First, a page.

Due to graduate in May, she's already landed a job — a position as a physical therapist at the clinic where she is currently an intern. Her first day as a professional will be the Monday following commencement ceremonies.

Eloisa Amador, a senior with a dual major in human services and Chicano and Chicana studies, echoes Celís-Luna's comments. She also was brought into this country at age 9, and Amador says she always feared for her parents.

"Most children don't worry about their parents being deported," she said. "Undocumented children do." In fact, 10 years ago, her brother was deported and she hasn't seen him since.

Working as a dishwasher when she was in high school, she decided she wanted more from her life. When she went to her high school counselor to ask about going to college, she was told to forget it.

"My counselor basically told me there were three reasons I wasn't college material," she said. "First, I was Hispanic and there weren't many Hispanics who went on to college. Secondly, I was a woman and I'd probably just get pregnant. And finally, I was undocumented and wouldn't be able to apply or pay. And this was in 2006!"

Instead, Amador became involved in an Upward Bound program that demonstrated that she was, indeed, college-ready. And they helped her apply.

"My experience at CSUF has been great," she said. "There are a lot of people who have helped me. But there are ups and downs. I don't have a car so that means I spend six hours a day on buses when I have classes. Because nobody in my family has gone to college, I don't always get a lot of support because they don't know how to help me.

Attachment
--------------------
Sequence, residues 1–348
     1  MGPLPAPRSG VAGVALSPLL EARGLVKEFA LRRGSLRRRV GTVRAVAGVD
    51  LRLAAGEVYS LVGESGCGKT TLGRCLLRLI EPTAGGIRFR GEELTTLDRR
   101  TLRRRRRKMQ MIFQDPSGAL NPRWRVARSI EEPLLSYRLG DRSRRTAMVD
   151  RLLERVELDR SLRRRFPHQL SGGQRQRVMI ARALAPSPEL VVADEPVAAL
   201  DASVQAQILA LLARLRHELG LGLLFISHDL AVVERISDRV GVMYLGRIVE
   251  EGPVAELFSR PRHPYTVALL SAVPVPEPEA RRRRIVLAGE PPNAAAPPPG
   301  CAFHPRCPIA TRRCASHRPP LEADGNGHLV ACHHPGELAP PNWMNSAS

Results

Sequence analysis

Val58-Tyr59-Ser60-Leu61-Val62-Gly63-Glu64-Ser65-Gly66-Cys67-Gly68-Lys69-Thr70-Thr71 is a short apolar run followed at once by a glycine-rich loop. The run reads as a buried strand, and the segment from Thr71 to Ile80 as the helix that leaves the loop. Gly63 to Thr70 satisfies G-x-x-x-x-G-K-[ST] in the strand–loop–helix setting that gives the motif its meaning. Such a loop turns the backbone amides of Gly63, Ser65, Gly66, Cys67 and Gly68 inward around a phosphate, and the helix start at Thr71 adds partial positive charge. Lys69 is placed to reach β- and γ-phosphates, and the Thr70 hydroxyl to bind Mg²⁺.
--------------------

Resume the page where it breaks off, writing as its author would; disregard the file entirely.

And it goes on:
"I think that's why programs like the Titan Dreamers Resource Center are so important," she continued. "They can assist with applications and provide an environment that is safe and supportive. They will help you achieve your goals. I'm graduating in May and then going on for a master's degree and eventually a Ph.D."

So much for her counselor's assessment.

"This will be a great resource for undocumented students who can often feel depressed and overwhelmed ... and may drop out of school," Amador said. "With the necessary resources, I think many of these students will be able to go on to be quite successful."

At Cal State Fullerton, approximately 800 AB540 students enrolled for the 2013-14 academic year.

"While the California Dream Act has helped to ease financial concerns, undocumented students still face daunting challenges," said Eanes. "They may still experience stigma associated with their status. Others are ineligible for benefits. These factors combine to create uncertainty that impacts their lives. We hope the Titan Dreamers Resource Center helps address these concerns and facilitate the educational success of these students."